Man, it’s weird to see a movie at home just a month after it released in theaters.
Set in a fantasy world where modern technology has driven most to a life of normalcy, Onward follows the adventure between Ian (Tom Holland) and Barley Lightfoot (Chris Pratt), who set out in search of a crystal in order to meet their deceased father for a day.
Due to the coronavirus shutting most theaters down, it’s now available to watch on Disney+, which is how I watched it with my mom and little sister. I’m pretty sure we all enjoyed it, and it was a nice escape from all the doom and gloom of the news.
Despite trying multiple times, I’ve never really had the time to play Dungeons and Dragons, which is a shame since Onward uses the role-playing game as a strong foundation for its storytelling. Of course, it never assumes audiences know anything and keeps things pretty simple throughout, but I’m sure there were some references or jokes I never picked up on because of it.
Overall though, I thought the movie was fantastic! I laughed a bunch throughout, and was really touched by the familial relationship between Ian and Barley as they cope with their father’s death in different ways. After having seen so many Pixar films, I kinda know by the way they frame scenes when they’re trying to turn on the waterworks, but it doesn’t matter: they still get me.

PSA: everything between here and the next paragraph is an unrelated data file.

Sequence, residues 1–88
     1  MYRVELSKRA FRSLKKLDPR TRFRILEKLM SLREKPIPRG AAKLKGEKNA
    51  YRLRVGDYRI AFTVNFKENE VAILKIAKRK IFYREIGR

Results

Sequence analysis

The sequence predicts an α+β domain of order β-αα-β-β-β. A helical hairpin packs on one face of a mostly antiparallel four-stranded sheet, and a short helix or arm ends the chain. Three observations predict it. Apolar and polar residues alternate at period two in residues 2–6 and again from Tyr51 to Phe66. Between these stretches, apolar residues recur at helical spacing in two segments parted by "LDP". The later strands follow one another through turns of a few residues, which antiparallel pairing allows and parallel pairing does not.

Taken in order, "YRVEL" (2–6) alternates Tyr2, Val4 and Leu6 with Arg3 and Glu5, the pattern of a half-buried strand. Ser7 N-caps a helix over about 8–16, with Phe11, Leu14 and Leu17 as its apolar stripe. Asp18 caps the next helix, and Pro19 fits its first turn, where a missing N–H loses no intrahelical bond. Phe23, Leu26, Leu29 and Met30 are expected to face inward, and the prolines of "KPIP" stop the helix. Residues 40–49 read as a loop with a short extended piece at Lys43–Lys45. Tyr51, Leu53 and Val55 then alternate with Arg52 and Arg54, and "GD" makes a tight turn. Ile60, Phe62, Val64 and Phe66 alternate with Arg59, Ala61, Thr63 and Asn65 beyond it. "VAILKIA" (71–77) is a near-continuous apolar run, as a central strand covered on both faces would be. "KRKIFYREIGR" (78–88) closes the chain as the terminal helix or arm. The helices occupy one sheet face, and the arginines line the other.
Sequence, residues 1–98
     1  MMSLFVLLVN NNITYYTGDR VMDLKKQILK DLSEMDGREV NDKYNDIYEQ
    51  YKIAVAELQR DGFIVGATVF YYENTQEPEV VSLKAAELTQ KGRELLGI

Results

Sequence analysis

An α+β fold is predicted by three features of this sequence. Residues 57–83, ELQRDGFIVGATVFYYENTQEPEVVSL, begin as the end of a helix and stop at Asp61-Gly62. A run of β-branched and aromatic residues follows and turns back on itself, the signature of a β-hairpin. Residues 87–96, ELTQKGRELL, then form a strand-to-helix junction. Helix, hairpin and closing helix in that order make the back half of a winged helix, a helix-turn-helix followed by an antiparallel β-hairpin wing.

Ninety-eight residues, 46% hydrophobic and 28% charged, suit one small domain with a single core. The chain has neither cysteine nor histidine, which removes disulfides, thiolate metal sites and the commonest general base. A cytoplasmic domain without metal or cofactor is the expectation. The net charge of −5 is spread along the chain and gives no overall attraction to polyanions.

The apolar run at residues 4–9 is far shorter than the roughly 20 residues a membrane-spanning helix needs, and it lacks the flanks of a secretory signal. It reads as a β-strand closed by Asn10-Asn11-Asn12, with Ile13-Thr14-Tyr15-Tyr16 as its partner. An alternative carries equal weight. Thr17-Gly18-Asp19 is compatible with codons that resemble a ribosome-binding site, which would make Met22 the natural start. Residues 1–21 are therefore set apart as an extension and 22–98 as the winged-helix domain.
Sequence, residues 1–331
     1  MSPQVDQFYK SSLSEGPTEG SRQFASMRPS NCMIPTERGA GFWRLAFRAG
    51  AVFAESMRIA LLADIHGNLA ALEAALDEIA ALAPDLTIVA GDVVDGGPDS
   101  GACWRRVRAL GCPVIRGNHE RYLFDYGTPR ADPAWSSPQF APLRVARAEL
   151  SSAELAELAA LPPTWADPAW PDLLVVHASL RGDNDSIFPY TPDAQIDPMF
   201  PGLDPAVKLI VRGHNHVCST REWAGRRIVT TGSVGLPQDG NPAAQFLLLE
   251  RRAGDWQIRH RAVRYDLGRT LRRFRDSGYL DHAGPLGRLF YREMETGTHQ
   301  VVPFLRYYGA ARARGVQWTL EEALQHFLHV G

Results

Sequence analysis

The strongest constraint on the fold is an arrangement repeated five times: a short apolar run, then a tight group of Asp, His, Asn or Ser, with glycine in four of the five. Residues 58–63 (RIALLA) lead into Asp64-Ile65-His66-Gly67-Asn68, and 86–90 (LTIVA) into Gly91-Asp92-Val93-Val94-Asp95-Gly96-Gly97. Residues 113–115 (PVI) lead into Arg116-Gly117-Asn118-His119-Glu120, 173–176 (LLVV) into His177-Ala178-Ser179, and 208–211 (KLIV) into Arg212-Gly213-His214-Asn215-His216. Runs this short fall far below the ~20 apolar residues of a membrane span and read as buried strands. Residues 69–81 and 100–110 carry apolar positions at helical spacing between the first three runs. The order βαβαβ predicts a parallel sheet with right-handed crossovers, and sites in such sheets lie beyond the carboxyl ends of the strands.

I’ve heard some people throw around the idea that Onward is “Frozen for boys,” and while I agree that it’s silly to think that in 2020 either movie is “for” any one gender, I can see how parallels would be made between the sisterly bond of Anna and Elsa and the similarly brotherly bond between Ian and Barley.
The movie’s leagues better than Toy Story 4 and Incredibles 2, at least to me, but I’ve debated internally on whether it beats out Coco. That movie had such an incredibly realized world that drew on real Mexican culture to tell a sweet and heartfelt story, whereas Onward does a lot of the same but with fantasy and D&D as its basis. I think both films are great, but I might still give the edge to Coco. In any case, it still doesn’t beat Inside Out, which remains my favorite Pixar film of the last decade.
If you have Disney+, watching Onward is a no-brainer. If not, I’d still encourage you to check it out. It’s certainly not revolutionary and I doubt Pixar will be aching to make a sequel out of it any time soon, but it plays to Pixar’s greatest strengths and as usual is a spectacle of animation.